If you’ve ever had to film something for work or school, interview someone, or record yourself speaking for any reason, you’ve likely cringed at the sound of your own voice. Turns out, there are medical reasons for this.
According to Neel Bhatt, assistant professor of otolaryngology (the medical study of the ears, nose, and throat) at the University of Washington, there are two reasons that most people can’t stand listening to their own voice.
First, your brain translates recordings of your voice differently than what you hear when you speak. The recorded sound travels through the air and into the ear, where it then hits the eardrum and bones. Next, the vibrations are transmitted to the cochlea, where your nerves send the sound to the brain.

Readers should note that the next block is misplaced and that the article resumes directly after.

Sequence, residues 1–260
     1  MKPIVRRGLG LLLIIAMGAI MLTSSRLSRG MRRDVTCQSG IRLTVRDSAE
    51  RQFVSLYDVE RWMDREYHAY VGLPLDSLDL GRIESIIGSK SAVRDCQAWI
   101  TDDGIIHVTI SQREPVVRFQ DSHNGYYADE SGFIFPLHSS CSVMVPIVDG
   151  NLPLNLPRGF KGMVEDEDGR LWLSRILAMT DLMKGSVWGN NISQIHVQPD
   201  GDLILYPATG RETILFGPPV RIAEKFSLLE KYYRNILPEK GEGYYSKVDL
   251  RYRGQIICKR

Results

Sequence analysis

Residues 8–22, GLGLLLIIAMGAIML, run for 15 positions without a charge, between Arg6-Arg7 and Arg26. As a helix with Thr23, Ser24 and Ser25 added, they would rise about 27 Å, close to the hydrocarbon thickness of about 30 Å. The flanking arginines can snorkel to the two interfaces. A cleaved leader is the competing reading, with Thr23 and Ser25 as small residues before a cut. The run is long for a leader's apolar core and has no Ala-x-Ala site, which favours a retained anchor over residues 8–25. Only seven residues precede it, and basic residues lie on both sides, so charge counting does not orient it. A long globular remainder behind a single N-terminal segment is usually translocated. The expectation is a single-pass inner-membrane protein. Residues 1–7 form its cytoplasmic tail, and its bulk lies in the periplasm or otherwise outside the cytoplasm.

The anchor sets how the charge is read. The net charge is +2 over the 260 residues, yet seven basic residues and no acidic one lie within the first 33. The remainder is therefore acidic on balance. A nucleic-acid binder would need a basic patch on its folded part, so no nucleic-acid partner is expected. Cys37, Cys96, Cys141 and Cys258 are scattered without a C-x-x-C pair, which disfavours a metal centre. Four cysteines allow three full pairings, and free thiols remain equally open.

When you speak, however, the sound is also in your inner ear because it’s a mix of both external and internal processes. This makes your voice sound lower and richer. As a result, any shrillness or “higher” effect that you might think you hear in your recorded voice is due to the fact that it’s not being generated internally.
Bhatt also says this is about the disconnect between reality and perception. When you hear a higher frequency in your voice, it can cause a disconnect based on how you perceive yourself to sound, which might be part of how you also perceive your identity.
So, next time you hear yourself on a recording, try not to be so hard on yourself.